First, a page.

But after centuries of boarding schools that separated Indigenous children from their families and culture, as well as laws that made Indigenous spiritual practices illegal until the 1978 American Indian Religious Freedom Act, Kitha said, “At this point in time, we deserve to be able to heal and reclaim what’s ours.”

The commodification of white sage is making it hard once again for Indigenous people to access their spiritual practices, they said.

“It’s getting harder and harder to find. And it’s getting harder and harder to find at a reasonable price point. And we should not even be buying it in the first place because it’s part of our teachings to not sell it,” they said.


LaPier also laments that the sudden trendiness of smudging has flattened the significance of the practice.

“One of the things I would say about sort of the secularizing of smudging is that it really is kind of a reductionist way of looking at Indigenous culture, and of reducing it down to sort of a very simple understanding and a simple method — using one plant, versus lots of different plants for lots of different reasons,” she said.

Peg Aloi, who calls herself “an older modern Pagan witch,” remembers conversations about cultural appropriation when white sage became popular in Pagan circles back in the 1980s and 1990s, when she first became involved in the witch community.

At the time, Aloi said, there was a lot of overlap between witchcraft and New Age circles. Many Pagans hosted sweat lodges or smudged with sage — “what we now know was appropriating” Native American practices, she said.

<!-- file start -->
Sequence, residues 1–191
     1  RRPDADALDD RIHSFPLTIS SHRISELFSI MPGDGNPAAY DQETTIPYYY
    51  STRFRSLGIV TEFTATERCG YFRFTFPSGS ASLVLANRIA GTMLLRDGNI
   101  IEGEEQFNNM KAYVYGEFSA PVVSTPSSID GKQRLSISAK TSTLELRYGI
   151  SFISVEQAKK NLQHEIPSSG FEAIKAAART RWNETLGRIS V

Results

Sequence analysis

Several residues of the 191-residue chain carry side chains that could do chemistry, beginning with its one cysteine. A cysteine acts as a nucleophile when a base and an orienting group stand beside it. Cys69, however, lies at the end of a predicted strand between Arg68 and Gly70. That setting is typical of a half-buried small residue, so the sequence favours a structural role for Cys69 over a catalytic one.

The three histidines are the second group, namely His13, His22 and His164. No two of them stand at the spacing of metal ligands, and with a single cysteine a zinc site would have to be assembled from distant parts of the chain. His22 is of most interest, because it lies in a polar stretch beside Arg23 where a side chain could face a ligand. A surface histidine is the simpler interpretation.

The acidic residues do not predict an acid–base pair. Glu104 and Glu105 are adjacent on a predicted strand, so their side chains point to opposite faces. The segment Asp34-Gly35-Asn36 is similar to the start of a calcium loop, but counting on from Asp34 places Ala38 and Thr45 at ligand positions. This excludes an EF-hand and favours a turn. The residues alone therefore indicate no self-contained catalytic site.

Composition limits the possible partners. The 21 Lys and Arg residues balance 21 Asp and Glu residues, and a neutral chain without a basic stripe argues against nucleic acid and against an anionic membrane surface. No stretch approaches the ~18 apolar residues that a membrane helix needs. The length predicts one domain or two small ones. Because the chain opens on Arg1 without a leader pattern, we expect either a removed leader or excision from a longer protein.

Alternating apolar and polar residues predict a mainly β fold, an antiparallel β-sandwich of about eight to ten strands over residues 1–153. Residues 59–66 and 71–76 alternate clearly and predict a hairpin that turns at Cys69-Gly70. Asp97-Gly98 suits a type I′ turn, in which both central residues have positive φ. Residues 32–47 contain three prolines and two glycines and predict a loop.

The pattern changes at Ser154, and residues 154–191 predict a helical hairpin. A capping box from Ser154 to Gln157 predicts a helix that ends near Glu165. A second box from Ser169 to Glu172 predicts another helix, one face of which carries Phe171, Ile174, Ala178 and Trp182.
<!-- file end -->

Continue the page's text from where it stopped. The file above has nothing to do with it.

So Aloi was surprised when researching ways to spiritually cleanse a building last month that the top results online were still dominated by white sage.

“It’s unfortunate that this is a trend that we already reckoned with decades ago, and here it is again, and the problem once again is lack of education, lack of awareness and, unfortunately, White entitlement. I hate to say that, but that’s really kind of what’s at the center of it,” she said.


“Even though we do have a lot more ethnic diversity in the modern witch community these days, it’s still primarily a White movement,” she said.

Witchcraft is an object of renewed interest every decade or so, she said, and its current popularity has been fueled by new social media platforms. First, there were Tumblr and Instagram witches. Now, there’s #WitchTok.

But although information is made aesthetically pleasing and easily accessible on social media, Aloi said, it often lacks the depth of engagement or knowledge of, say, the shared library beginner that witches pored over decades ago.

For instance, while smudging with white sage is widely discussed online, there are many other ways people can cleanse a space spiritually using plants or other items that may come from their own cultures. Some witches don’t use any physical component for cleansing, she said, but she likes something more hands-on.

She ended up using some of her mainstays for the cleansing: rosemary, which she read was used as incense in ancient Rome — something that connects with her Italian heritage — and salt, which is associated with cleansing and purification in many cultures. She also used rosewater, but, she said, “Honestly, that’s just because I’m a gardener.”

If Kitha needs to cleanse something spiritually, they’ll reach for lavender, rosemary or cedar.

If they need a boost of happiness, it might be orange peel or marigold.

So many people seem to view white sage as a “wonder drug,” Kitha said. “But that’s not really what it is. People don’t understand, and, you know, they don’t have the relationship to the plant to understand.”

Different plants have different uses, they said.

Instead of turning to white sage as a spiritual catchall, considering all the concerns about its use, they suggested people take the time to form relationships with other plants, to learn the history and folklore surrounding them, to find something that meets a specific need.

“One of the fun things is when you break from the mold of just using white sage for everything, you get to experience so much more,” they said.

— Religion News Service